What Does Latest OpenStack Ocata Bring for Us?

Scalability is a major merit of cloud, but enterprise users are striving to reach the on-demand cloud scale via OpenStack. Recently, OpenStack issued the latest Ocata version delivering some services conducive to reach enterprises’ large cloud scale. 

OpenStack now is still an on-going project, whose components are in different stability and mature phases. It also means enterprises are confronting OpenStack deployment challenges, especially in the terms of scalability and network. 

After 4 months of release cycle, (instead of normally 6 months), the latest OpenStack Ocata was published in February 2017, and the new version of OpenStack brings something new to handle the issues found before. 

The previous version of OpenStack’s scalability limits most users with small size of configuration. The latest OpenStack Ocata version has largest improved this part. Ocata version is easy to expand and scale to large size of production allocation, which leads to more private cloud based on OpenStack appearing. For network reliability, particularly those for OpenStack Neutron services, is improved as well.

Generally, OpenStack Community takes Ocata as a significant step that OpenStack becomes mature, and Navigator project is a tool showing every OpenStack project or module status. By far, Ocata is No. 8 in the list of software maturity, behind OpenStack Nova, Neutron, Swift, and Cinder modules. Even so, most projects’ software maturity lingers between level three and level four. Therefore, there is still a relatively long way to go to be mature.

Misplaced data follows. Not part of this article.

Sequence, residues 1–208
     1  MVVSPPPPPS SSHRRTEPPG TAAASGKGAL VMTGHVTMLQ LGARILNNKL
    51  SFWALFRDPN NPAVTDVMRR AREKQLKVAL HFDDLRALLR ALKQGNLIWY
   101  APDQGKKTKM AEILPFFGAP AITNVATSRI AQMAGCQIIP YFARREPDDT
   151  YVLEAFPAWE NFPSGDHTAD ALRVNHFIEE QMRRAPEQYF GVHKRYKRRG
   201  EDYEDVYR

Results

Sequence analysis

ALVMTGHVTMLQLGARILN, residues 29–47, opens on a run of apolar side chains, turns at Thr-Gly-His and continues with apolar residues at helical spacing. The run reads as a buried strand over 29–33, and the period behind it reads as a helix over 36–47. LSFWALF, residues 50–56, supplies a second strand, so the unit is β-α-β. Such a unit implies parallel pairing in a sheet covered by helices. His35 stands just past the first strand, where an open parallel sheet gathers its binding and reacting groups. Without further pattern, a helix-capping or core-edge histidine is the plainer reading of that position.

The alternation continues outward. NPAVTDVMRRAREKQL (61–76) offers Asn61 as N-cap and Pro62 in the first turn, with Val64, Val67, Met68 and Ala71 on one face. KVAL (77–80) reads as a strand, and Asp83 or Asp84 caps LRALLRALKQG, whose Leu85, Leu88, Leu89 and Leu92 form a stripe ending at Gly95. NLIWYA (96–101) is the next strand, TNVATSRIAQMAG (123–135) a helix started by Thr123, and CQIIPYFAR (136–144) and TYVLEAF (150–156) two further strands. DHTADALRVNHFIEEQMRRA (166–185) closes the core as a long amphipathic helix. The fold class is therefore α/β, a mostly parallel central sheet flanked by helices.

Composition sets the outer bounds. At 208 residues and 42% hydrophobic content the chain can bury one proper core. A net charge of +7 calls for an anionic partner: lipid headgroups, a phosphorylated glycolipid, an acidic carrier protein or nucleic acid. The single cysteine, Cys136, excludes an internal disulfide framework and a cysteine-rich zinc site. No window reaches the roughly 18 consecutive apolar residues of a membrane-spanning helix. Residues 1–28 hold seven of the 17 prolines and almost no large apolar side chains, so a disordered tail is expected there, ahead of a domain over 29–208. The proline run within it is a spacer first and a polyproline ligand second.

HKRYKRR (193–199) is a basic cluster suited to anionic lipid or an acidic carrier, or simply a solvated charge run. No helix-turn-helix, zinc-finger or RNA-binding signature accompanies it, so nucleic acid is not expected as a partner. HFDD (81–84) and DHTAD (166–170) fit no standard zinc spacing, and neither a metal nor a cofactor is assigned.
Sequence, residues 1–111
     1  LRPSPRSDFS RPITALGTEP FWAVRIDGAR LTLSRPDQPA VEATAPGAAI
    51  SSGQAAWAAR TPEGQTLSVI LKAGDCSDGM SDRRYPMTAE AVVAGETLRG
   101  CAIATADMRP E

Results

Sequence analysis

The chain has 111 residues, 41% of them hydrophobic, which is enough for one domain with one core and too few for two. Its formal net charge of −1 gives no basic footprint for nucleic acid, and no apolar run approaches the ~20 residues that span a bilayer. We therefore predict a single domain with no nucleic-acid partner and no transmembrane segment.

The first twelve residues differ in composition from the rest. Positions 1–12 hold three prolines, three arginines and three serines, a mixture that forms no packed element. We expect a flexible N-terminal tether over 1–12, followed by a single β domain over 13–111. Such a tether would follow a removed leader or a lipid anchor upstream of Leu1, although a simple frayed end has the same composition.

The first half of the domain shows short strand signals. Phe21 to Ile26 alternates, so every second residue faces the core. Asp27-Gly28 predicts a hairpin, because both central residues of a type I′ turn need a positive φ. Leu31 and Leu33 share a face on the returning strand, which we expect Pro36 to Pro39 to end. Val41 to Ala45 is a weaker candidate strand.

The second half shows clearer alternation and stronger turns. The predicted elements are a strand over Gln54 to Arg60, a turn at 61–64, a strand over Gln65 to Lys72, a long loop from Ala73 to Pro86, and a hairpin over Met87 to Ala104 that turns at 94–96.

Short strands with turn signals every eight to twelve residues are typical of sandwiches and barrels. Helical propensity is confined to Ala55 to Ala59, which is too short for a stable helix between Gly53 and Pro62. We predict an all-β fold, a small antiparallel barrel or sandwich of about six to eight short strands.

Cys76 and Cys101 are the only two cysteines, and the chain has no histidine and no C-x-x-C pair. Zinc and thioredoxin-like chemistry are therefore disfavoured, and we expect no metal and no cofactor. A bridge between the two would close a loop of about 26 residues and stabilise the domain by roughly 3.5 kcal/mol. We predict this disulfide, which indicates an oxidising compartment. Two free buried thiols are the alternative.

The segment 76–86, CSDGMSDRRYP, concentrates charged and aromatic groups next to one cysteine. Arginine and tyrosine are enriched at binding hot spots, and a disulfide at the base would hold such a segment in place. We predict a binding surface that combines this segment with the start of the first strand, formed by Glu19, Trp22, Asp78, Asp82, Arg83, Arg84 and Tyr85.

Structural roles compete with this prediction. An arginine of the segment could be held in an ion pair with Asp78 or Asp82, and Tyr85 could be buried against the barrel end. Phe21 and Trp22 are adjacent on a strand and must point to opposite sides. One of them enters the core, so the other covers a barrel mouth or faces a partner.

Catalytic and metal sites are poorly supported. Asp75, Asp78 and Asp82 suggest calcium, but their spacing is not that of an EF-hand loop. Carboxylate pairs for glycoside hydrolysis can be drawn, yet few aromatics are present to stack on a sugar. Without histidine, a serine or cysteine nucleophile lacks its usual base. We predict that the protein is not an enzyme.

Ocata is basically a stable version, but indeed brings many new features, including the function for OpenStack scalability. In below, there are some important updates about OpenStack services that IT professionals should know.

Nova: It is the core component allowing creating virtual machines. Ocata aims at improve Nova performance. For instance, a new deployment service allows administrators to package virtual machines to optimize memory usage and other resources. Ocata also helps OpenStack scalability, by using Cells modules to scale thousands of nodes. However, Cells are still complicate, so it is not recommended to new OpenStack users. Because of scalability, the long-term goal of Ocata is to make Cells become the standard mode of OpenStack.

Swift: it is an object-based storage similar to AWS’ simple storage services, but Swift has already caught up Ceph that is an open source storage system often replacing Swift in OpenStack development. Ceph includes a powerful code erasing method, which can be used to realize the storage node’s object distribution across geographic locations. With Ocata, Swift now has better code erasing function, such as faster code erasing generation, error correction, and redevelopment. 

Keystone: Ocata enables administrators to set up multi-factor identity validation via Keystone based on each account. So, Ocata helps realize more refined access control.